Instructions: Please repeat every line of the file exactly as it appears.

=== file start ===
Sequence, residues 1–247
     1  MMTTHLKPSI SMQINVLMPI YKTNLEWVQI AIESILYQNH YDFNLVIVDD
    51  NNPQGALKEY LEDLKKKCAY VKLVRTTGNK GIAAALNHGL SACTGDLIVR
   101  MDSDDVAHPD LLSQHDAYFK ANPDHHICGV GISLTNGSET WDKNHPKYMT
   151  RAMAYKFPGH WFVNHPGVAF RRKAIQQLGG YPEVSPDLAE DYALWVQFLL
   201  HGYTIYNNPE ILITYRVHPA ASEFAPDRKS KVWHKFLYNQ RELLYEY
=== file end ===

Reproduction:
Sequence, residues 1–247
     1  MMTTHLKPSI SMQINVLMPI YKTNLEWVQI AIESILYQNH YDFNLVIVDD
    51  NNPQGALKEY LEDLKKKCAY VKLVRTTGNK GIAAALNHGL SACTGDLIVR
   101  MDSDDVAHPD LLSQHDAYFK ANPDHHICGV GISLTNGSET WDKNHPKYMT
   151  RAMAYKFPGH WFVNHPGVAF RRKAIQQLGG YPEVSPDLAE DYALWVQFLL
   201  HGYTIYNNPE ILITYRVHPA ASEFAPDRKS KVWHKFLYNQ RELLYEY